Friday, November 5, 2010

postponing the eternal procrastination

I have no intention of giving up on not giving up.

Today, the gym was filled with old people, and me.

Like most everyone else, I’m sure I have an elevated impression of how young I look. And my narcissistic nature, as evidenced by my love of social networking and the use of first person point of view in my stories, keeps me engaged in the endless pursuit of my own reflection.

I like to congratulate myself for being in the shape I’m in at my age, especially while watching some guy with grey hair struggle with weights several pounds lighter than the ones I am lifting. Then jealousy creeps in when while doing crunches next to a kid still in high school, with the body I always said I wanted, but never had the time to get around to. But it doesn’t matter, I tell myself. Nothing is permanent, including his abs.

Scott and I spent our vacation touring the island on scooters. Everywhere we went, life encroached on the moment. Tree roots tore at the street we rode on. Waves crashed against the shore, pulling the beach back into the abundant world below the surface. Even the people, crammed together in tiny buildings, under the searing sky, possessed a zeal for the world around them.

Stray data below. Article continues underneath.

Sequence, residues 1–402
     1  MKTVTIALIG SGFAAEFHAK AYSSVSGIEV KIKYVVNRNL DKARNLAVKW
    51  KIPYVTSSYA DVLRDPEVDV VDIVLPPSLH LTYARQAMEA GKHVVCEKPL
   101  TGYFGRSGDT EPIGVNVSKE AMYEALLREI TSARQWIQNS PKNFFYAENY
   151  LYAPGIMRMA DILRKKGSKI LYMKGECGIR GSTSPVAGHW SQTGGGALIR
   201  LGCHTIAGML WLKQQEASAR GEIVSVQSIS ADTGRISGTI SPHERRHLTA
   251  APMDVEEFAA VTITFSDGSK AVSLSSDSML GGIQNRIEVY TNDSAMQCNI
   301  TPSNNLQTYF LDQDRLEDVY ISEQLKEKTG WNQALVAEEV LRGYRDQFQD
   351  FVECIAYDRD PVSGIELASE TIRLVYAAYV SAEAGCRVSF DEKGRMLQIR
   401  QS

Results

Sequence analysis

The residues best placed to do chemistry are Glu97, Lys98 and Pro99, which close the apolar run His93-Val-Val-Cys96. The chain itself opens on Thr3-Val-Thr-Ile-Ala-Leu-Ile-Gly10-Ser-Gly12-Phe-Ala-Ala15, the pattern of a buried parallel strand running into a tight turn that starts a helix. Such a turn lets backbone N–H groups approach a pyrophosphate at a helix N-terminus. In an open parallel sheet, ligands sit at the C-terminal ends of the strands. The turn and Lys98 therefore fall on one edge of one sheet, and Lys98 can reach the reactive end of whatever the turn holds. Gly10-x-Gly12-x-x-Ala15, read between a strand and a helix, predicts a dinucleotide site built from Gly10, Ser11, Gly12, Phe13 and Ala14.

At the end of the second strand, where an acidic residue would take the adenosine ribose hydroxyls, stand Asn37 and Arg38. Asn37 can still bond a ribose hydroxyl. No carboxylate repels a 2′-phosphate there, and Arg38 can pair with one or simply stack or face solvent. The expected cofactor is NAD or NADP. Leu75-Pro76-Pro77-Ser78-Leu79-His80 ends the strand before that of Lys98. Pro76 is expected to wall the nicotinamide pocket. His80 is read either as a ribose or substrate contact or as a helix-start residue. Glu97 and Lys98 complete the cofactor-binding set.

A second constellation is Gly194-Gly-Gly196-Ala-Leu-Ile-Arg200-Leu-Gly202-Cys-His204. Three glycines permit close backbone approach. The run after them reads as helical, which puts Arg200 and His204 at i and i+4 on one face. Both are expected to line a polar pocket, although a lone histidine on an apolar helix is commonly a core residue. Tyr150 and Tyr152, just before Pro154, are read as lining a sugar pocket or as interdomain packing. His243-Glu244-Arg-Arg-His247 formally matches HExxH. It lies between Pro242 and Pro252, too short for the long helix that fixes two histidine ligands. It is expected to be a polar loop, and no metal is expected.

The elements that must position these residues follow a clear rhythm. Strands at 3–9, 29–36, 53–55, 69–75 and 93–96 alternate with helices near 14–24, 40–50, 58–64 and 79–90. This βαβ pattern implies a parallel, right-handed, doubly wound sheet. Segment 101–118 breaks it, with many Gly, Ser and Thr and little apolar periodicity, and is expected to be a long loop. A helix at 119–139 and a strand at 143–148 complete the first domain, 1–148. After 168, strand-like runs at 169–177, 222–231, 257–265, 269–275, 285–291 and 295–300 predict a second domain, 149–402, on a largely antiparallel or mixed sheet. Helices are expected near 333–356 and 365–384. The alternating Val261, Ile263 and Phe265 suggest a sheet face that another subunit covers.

And how could they not? The impermanence of existence was everywhere.


The hotel we stayed at during 9-11 was gone. Only a rotted frame covered with vines and an empty swimming pool remained. We were surrounded by buildings whose white washed exteriors had been chipped away by the salty winds. Above us, a perpetual vortex of circling vultures followed our every move. Everything created in this tropical paradise was in a state of decomposition.


I’ve been in the company of death for as long as I can remember. I sat and held my mothers’ hand after her first stroke and talked to her as she pulled herself back from the edge of release. Countless mornings have started with the news that someone I was just talking to was no longer part of struggle they had left the rest of us to deal with. I stayed with Keith until it was over, but I’m not ready to talk about that yet.


In my bedroom I have a collection of ashes on a shelf. Pets, friends and former lovers now reside in sparkly boxes. These little things remind me that no matter how good I may look in the mirror, when it’s over, not only do we become dust, but we get stored in things that collect it.


Right now my dog is sick. I kneel down and spoon feed him chicken broth and rice milk to keep his strength up. I don’t believe in higher beings granting miracles, it’s just an ingrained habit which forces me to ask that he be given a little while longer. Please don’t let him go like this, or at least take him quietly while I’m not in the room. Or maybe I'm just getting tired of being left behind.

In between sips I tell him not to give up. I don’t need another box to polish right now.

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